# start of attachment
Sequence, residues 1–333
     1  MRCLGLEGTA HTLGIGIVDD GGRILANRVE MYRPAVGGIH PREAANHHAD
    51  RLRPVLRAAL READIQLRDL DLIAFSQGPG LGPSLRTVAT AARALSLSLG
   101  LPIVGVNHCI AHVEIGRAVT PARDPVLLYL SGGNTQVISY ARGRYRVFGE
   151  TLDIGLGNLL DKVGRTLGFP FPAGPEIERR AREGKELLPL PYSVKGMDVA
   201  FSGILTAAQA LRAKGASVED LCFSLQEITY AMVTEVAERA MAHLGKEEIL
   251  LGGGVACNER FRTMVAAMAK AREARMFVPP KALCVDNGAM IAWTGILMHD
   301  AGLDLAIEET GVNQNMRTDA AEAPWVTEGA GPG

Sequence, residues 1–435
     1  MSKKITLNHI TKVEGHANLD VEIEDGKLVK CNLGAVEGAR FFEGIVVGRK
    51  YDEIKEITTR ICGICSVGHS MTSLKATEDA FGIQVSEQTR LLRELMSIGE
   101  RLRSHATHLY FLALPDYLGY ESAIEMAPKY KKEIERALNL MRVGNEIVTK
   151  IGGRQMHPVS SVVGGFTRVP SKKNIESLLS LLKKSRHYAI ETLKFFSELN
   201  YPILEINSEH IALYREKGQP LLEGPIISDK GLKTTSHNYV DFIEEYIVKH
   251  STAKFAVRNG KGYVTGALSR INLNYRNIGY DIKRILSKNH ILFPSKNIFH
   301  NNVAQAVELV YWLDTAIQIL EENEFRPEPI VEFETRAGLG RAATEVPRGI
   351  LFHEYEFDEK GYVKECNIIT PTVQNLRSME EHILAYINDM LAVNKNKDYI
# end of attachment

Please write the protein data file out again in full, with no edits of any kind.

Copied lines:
Sequence, residues 1–333
     1  MRCLGLEGTA HTLGIGIVDD GGRILANRVE MYRPAVGGIH PREAANHHAD
    51  RLRPVLRAAL READIQLRDL DLIAFSQGPG LGPSLRTVAT AARALSLSLG
   101  LPIVGVNHCI AHVEIGRAVT PARDPVLLYL SGGNTQVISY ARGRYRVFGE
   151  TLDIGLGNLL DKVGRTLGFP FPAGPEIERR AREGKELLPL PYSVKGMDVA
   201  FSGILTAAQA LRAKGASVED LCFSLQEITY AMVTEVAERA MAHLGKEEIL
   251  LGGGVACNER FRTMVAAMAK AREARMFVPP KALCVDNGAM IAWTGILMHD
   301  AGLDLAIEET GVNQNMRTDA AEAPWVTEGA GPG

Sequence, residues 1–435
     1  MSKKITLNHI TKVEGHANLD VEIEDGKLVK CNLGAVEGAR FFEGIVVGRK
    51  YDEIKEITTR ICGICSVGHS MTSLKATEDA FGIQVSEQTR LLRELMSIGE
   101  RLRSHATHLY FLALPDYLGY ESAIEMAPKY KKEIERALNL MRVGNEIVTK
   151  IGGRQMHPVS SVVGGFTRVP SKKNIESLLS LLKKSRHYAI ETLKFFSELN
   201  YPILEINSEH IALYREKGQP LLEGPIISDK GLKTTSHNYV DFIEEYIVKH
   251  STAKFAVRNG KGYVTGALSR INLNYRNIGY DIKRILSKNH ILFPSKNIFH
   301  NNVAQAVELV YWLDTAIQIL EENEFRPEPI VEFETRAGLG RAATEVPRGI
   351  LFHEYEFDEK GYVKECNIIT PTVQNLRSME EHILAYINDM LAVNKNKDYI